No market crash

In conclusion, investors should not expect the stock market to crash despite the dire headlines. Real-time indicators such as the copper/gold and the broader base metals/gold ratios indicate a sideways pattern in risk appetite. This should not lead to a major risk-off episode.



From an intermediate-term perspective, the current environment is bullish for cyclical and reflation stocks, and especially resource extraction sectors owing to the lack of a supply response in the face of rising demand. Signs of stabilization and a possible bottom in China’s growth trajectory will also be supportive of commodity demand, as China has been the primary consumer of global commodities. However, investors are already long the cyclical and reflation investment theme, and a pullback would represent a buying opportunity.



16 thoughts on “China rides to the rescue?

  1. Yesterday was triple witching. There was a huge fall in the September S&P 500 contract (ESU 21) between 4 and 5 PM. Was this because of expiration of options on ES or was it because of expiration of S&P 500 call options (that are settled using ES futures)?
    Options (like futures expire) at 5 pm. So, even S&P 500 calls may be settled using futures (?).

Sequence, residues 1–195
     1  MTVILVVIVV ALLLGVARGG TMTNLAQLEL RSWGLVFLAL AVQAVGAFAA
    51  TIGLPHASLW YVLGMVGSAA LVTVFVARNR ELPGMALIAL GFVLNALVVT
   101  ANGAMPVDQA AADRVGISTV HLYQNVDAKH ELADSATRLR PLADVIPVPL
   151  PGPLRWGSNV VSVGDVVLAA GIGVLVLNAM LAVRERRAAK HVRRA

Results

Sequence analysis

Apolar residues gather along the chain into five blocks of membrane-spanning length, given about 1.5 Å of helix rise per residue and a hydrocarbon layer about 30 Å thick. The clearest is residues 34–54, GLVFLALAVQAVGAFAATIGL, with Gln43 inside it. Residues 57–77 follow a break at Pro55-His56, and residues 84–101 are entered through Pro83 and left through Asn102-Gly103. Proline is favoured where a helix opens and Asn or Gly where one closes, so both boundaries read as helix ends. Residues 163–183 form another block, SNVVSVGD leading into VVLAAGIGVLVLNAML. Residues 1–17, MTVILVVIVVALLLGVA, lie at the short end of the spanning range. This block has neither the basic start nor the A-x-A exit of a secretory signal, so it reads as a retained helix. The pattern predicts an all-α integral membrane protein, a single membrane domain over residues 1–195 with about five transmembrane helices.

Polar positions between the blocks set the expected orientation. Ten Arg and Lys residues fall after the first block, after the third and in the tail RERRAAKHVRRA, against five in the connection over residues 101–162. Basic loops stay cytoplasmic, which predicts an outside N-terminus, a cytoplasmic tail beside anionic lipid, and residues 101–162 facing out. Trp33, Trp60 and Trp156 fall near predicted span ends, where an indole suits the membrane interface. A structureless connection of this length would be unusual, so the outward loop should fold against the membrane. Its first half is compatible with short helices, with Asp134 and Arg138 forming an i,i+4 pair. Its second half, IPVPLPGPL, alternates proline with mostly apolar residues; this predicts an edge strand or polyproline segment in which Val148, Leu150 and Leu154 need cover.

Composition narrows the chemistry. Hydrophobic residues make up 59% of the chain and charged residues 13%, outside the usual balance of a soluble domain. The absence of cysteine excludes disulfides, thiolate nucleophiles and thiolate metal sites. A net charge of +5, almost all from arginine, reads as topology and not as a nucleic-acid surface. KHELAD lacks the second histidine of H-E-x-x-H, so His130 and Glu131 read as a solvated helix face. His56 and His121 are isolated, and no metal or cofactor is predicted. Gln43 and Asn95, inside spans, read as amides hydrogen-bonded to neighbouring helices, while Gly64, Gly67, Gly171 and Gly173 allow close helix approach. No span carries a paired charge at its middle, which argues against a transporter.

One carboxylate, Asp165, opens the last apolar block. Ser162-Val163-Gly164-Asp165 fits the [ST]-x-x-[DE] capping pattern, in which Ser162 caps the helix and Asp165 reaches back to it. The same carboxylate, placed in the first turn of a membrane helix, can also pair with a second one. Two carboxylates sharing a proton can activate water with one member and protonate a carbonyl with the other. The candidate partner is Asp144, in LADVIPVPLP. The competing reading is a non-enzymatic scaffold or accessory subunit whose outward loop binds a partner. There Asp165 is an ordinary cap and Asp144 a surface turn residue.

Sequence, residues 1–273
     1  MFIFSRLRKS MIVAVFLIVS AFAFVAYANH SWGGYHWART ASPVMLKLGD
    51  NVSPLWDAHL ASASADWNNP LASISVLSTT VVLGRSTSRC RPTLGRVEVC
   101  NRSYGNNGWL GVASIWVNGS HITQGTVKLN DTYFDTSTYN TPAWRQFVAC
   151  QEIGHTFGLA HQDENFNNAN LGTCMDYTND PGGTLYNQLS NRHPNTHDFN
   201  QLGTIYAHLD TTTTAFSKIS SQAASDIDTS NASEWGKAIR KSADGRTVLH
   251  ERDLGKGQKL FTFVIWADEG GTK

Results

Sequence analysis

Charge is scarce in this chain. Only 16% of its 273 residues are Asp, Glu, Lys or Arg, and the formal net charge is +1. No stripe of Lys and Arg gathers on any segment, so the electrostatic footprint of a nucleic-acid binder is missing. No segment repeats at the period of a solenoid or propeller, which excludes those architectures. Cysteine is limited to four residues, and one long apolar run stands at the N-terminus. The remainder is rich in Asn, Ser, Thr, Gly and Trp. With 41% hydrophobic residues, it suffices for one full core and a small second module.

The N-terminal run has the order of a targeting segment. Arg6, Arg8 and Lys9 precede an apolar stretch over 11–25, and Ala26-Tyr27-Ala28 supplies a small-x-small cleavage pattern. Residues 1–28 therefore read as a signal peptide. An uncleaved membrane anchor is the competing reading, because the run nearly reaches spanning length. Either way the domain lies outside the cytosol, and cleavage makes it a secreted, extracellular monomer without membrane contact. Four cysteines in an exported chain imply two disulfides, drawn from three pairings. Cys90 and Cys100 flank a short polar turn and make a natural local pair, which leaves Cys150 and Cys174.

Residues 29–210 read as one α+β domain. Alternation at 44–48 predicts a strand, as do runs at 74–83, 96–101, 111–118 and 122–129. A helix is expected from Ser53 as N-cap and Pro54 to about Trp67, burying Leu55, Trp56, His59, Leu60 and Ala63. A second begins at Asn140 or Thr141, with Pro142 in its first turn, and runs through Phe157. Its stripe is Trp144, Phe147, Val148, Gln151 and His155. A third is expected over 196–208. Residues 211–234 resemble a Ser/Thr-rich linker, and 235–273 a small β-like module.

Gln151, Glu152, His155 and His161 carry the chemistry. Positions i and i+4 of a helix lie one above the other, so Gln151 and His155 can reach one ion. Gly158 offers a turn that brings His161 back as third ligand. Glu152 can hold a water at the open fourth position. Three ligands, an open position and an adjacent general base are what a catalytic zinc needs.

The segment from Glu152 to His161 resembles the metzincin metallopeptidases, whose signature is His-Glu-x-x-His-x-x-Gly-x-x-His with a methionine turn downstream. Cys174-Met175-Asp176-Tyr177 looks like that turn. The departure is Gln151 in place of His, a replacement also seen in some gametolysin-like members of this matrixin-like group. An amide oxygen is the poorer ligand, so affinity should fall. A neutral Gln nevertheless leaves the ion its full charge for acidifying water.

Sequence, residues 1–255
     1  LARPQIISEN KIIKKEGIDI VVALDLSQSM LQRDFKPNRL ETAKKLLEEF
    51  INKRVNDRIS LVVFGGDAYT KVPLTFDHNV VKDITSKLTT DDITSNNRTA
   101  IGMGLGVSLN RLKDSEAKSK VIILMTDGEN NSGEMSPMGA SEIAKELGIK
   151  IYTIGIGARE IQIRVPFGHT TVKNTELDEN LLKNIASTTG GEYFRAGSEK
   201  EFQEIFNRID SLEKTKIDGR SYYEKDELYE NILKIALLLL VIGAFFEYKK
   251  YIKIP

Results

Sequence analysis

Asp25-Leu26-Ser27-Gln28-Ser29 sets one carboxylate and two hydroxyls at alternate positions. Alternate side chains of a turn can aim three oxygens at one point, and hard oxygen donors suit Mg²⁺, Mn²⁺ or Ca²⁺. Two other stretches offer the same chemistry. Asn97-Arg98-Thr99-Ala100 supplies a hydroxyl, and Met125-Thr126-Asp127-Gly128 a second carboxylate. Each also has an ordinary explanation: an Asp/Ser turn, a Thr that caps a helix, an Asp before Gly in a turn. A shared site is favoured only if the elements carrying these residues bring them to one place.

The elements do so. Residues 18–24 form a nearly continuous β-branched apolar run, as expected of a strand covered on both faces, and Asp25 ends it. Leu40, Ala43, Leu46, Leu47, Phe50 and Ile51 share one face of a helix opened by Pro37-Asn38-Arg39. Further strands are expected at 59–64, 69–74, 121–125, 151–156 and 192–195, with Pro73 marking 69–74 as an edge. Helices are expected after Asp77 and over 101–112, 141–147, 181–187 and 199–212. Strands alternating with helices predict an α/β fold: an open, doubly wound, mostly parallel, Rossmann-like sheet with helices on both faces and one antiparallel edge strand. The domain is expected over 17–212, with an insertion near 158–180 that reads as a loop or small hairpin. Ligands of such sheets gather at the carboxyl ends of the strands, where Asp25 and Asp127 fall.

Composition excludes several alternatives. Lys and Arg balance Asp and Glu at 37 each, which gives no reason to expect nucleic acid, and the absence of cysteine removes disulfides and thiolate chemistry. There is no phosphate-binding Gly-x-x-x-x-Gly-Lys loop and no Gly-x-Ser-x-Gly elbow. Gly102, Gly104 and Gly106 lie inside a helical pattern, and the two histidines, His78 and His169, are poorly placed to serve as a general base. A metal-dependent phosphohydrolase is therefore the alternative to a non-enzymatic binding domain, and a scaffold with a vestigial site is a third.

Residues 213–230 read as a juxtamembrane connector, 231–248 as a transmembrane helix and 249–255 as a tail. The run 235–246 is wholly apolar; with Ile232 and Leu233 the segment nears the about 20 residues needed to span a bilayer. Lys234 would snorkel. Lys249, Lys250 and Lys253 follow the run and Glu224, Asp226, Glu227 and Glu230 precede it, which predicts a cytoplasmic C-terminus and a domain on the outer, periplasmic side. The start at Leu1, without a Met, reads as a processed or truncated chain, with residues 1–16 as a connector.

The reason I am asking this is that this may be an important trading strategy on Triple and Quadruple witching days. Thanks.

    1. Yesterday everywhere media headlines say there are $818B worth of single stock options expiring the same day. Very unlikely people would bet on that many options on average single stocks, more likely for indices and mega techs. Look at the weekly volume for DIA, QQQ, SPY. Really big. So it looks like many SPY call options expired worthless. Many option traders also set auto limit on loss/gain (a lot of them using 50%). So there might be some auto early exits.

      Every 3-month the context starts anew. So starting from next Mon we will start a new cycle. Let us observe how this new context unfolds and we will know by Sept how to position for next triple/quad expiry for short-term trades.